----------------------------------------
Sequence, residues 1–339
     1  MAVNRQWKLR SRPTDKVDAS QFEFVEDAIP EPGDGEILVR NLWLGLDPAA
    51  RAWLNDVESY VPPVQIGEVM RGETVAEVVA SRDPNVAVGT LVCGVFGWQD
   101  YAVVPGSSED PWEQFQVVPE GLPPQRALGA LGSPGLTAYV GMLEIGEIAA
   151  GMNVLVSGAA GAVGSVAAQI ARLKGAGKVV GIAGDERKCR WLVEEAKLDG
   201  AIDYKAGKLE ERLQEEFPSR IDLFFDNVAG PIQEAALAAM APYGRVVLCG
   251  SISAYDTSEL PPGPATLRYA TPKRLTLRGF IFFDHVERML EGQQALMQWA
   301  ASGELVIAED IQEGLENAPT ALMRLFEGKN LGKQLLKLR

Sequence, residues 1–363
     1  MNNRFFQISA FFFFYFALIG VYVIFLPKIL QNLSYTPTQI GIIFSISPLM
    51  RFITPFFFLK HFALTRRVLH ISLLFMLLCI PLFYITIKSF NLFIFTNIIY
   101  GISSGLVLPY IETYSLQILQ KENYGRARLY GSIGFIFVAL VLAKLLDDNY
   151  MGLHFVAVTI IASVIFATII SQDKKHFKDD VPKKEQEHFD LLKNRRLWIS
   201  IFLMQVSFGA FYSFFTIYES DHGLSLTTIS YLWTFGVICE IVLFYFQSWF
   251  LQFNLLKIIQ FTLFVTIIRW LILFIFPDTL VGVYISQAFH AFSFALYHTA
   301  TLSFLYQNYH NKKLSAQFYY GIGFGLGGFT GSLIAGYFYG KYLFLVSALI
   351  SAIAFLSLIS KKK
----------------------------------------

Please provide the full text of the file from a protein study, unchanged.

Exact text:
Sequence, residues 1–339
     1  MAVNRQWKLR SRPTDKVDAS QFEFVEDAIP EPGDGEILVR NLWLGLDPAA
    51  RAWLNDVESY VPPVQIGEVM RGETVAEVVA SRDPNVAVGT LVCGVFGWQD
   101  YAVVPGSSED PWEQFQVVPE GLPPQRALGA LGSPGLTAYV GMLEIGEIAA
   151  GMNVLVSGAA GAVGSVAAQI ARLKGAGKVV GIAGDERKCR WLVEEAKLDG
   201  AIDYKAGKLE ERLQEEFPSR IDLFFDNVAG PIQEAALAAM APYGRVVLCG
   251  SISAYDTSEL PPGPATLRYA TPKRLTLRGF IFFDHVERML EGQQALMQWA
   301  ASGELVIAED IQEGLENAPT ALMRLFEGKN LGKQLLKLR

Sequence, residues 1–363
     1  MNNRFFQISA FFFFYFALIG VYVIFLPKIL QNLSYTPTQI GIIFSISPLM
    51  RFITPFFFLK HFALTRRVLH ISLLFMLLCI PLFYITIKSF NLFIFTNIIY
   101  GISSGLVLPY IETYSLQILQ KENYGRARLY GSIGFIFVAL VLAKLLDDNY
   151  MGLHFVAVTI IASVIFATII SQDKKHFKDD VPKKEQEHFD LLKNRRLWIS
   201  IFLMQVSFGA FYSFFTIYES DHGLSLTTIS YLWTFGVICE IVLFYFQSWF
   251  LQFNLLKIIQ FTLFVTIIRW LILFIFPDTL VGVYISQAFH AFSFALYHTA
   301  TLSFLYQNYH NKKLSAQFYY GIGFGLGGFT GSLIAGYFYG KYLFLVSALI
   351  SAIAFLSLIS KKK